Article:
How sexy are forests?

Frits Hesselink suggests how forest experts can better ‘arouse’ the general public about their subject.

“Is your species sexy" asked Ricardo Carvalho of IUCN's Commission on Education and Communication, while interviewing scientists of IUCN's Species Survival Commission. After two plenary sessions of many rather boring PowerPoint presentations with no time for interaction, the atmosphere among participants suddenly lightened up. There was laughter and people started to sell their lifetime's work in a different manner: “My species is unusually sexy as they have both sexes in one organism.” “Of course my species—cats—are sexy: lions spend 10% of their time on it.” “What's more sexy than insects? Oh yes, I forgot: my wife!”

I had to think of that episode when reading the latest publication of marine biologist and film maker Randy Olsen, Don't be such a scientist: talking substance in an age of style. In this book Olsen argues that scientists should pay more attention to how they communicate their work. They should focus not only on substance or content, but much more on the style of communication: “…communication is not just one element in the struggle to make science relevant. It is the central element. Because if you gather scientific knowledge but are unable to convey it to others in a correct and compelling form, you might as well not even have bothered to gather the information.”

As a professor in marine biology, Olsen had gained a reputation on a range of conservation issues. But only as a film maker he learned that information, facts and figures do not speak for themselves, unless you are teaching students or talking to your peers. To get people—nonexperts—to listen to your research or project findings, you have to first stimulate curiosity in them. You do that not through content but through style: humour, spontaneity, personal messages. Only after you have ‘aroused’ your audience are they open for the content. Or in Olsen's How sexy are forests? words: “When it comes to connecting with the entire audience you have four bodily organs that are important: your head, your heart, your gut, and your sex organs. The object is to move the process down out of your head, into your heart with sincerity, into your gut with humour, and, ideally if you're sexy enough, into your lower organs with sex appeal.”

In the following matrix I present my personal summary of Olsen's explanation of how human psychology basically works.

The same psychology is at work when we are confronted with words. Words have not only their literal or dictionary meaning; they also have strong associative connotations. A word invokes feelings, images, memories and values. People in the disciplines of journalism or advertizing know how much words matter. Choose the wrong words in your headline or tagline and no one will read your article or buy your product. To illustrate how this works for the word forest, I did a little experiment with arborvitae readers, CEC members and people for whom forests or forest conservation is not of immediate concern. All were asked their first associations with the word ‘forest.’ In the matrix below I summarize the associations and ordered them according to the four domains.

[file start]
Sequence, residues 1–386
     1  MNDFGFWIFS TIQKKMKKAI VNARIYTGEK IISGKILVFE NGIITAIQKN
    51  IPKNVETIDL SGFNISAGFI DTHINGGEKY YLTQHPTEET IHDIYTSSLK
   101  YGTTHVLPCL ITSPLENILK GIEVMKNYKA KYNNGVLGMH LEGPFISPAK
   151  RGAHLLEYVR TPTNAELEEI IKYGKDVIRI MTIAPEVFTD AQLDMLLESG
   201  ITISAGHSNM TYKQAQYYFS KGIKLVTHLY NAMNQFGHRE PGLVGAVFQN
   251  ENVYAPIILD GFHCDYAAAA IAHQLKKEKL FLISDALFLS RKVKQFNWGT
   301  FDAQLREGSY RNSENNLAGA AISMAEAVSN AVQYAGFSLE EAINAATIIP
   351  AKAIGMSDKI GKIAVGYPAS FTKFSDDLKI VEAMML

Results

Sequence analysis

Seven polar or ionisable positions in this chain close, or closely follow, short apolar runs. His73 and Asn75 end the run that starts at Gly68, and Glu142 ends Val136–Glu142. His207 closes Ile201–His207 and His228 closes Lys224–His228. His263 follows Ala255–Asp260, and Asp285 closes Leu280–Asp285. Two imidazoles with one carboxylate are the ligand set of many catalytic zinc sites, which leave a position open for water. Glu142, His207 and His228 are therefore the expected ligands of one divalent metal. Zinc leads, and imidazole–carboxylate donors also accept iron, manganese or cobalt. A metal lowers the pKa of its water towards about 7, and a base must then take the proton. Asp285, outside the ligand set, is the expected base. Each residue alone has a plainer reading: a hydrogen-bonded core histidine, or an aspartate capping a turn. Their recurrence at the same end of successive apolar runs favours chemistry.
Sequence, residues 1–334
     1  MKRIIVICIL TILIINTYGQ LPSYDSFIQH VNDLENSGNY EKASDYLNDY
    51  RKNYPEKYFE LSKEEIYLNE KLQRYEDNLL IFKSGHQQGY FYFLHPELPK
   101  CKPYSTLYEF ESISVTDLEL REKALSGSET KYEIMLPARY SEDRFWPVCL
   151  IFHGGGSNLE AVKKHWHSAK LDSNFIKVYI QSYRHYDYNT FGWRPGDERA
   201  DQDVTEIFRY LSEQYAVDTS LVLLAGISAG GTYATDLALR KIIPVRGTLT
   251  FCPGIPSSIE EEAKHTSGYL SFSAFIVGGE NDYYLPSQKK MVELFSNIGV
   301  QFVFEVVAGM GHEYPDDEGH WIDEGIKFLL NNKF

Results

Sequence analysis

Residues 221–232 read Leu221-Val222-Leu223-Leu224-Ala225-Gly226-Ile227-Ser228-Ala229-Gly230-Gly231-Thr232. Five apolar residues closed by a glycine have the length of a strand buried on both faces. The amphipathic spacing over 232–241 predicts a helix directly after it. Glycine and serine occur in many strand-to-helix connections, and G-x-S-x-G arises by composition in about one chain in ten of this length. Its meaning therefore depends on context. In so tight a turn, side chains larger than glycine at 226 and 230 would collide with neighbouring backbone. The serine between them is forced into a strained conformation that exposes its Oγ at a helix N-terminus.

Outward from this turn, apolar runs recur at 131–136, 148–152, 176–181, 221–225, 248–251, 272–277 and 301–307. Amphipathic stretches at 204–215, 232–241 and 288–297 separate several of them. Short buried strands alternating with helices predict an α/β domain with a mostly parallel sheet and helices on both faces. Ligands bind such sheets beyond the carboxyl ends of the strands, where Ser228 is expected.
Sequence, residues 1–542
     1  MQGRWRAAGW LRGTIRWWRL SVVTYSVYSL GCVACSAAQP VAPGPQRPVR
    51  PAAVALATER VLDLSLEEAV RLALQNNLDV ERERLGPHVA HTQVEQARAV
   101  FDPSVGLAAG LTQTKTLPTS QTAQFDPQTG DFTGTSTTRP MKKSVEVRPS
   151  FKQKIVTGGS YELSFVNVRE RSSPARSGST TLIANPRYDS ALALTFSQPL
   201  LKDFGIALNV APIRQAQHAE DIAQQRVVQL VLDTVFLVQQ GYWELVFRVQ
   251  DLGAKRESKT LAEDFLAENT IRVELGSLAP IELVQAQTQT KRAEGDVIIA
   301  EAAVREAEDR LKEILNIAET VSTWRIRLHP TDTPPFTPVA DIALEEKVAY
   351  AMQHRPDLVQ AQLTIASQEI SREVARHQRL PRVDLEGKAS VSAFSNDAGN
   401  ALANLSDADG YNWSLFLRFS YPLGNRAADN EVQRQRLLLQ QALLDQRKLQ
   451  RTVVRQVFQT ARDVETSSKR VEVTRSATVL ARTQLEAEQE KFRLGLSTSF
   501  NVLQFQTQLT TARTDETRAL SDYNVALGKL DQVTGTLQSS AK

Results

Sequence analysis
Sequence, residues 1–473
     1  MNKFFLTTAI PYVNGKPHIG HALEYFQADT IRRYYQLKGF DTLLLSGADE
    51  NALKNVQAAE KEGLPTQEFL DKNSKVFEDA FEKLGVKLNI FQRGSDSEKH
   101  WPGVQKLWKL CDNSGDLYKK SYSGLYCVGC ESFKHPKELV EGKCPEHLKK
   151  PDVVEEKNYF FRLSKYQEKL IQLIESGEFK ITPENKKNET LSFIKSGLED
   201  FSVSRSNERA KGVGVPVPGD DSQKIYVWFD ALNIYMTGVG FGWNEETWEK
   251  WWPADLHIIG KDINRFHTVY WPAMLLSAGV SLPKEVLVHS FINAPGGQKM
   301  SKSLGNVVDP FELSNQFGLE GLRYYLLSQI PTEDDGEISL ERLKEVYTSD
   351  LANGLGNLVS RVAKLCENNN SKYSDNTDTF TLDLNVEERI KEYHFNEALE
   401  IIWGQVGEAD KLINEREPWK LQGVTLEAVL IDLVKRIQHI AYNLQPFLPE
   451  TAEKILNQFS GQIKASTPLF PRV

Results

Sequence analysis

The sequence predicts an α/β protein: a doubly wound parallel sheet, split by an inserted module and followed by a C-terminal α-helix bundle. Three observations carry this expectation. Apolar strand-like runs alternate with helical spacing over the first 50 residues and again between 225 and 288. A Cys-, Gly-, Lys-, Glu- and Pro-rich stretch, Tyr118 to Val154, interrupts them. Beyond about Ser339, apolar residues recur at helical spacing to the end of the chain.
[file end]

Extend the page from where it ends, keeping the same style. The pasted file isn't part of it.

The associations of most forest experts were in the domain of the brain. Some really tried to be ‘without a mistake’ in their answer, e.g. “Forest is a land which is dominantly covered by trees of different dimensions, in association with grasses, herbaceous plant, lianas and other flora such as epiphytes.” Only a few forest experts had some associations in the domain of the heart, one in the domain of the guts. The answers of CEC members were spread over the domains of brain, heart and guts. The great majority of the associations of the non experts were only in the lower three domains.

I hope this illustrates that if you—as a forest expert—want your information to be taken into account in decision-making, you have to realize that most people take decisions not based on the head, but on the heart, guts and sex. You have to arouse their interest by ‘communicating’ to those organs before they are open and willing to listen to the substance of your information.

The good news is that a few forest experts did come up with a personal story touching the heart and guts, such as this one: “My first association to forest is as a child—having been born and raised in a forest area in Africa—the first impression that I had of forests is an undeveloped area full of demons and spirits. I am always afraid of entering the forest due to fear, and the many stories told by elders of encounters with wild animals…” Here we have the beginning of a way to arouse and connect with nonexperts. If you are not a born communicator, this is where professional communicators can help to get attention for your science and project-based information: with style, storytelling, messaging, and tone of voice that appeals to the audience you want to reach.

This experiment was made possible through the kind cooperation of a number of forest experts. CEC members also asked the question to a number of ‘non-experts’ in their personal networks, e.g. adolescents, maids, gardeners, handymen, shop-keepers, farmers, corporate managers, engineers, artists, professors, politicians.

About the Author

Frits Hesselink is a communications management consultant and a member (and former Chair) of IUCN’s Commission on Education and Communication. He is a member of member of the EUROPARC think tank on the Communication Toolkit for Natura 2000.

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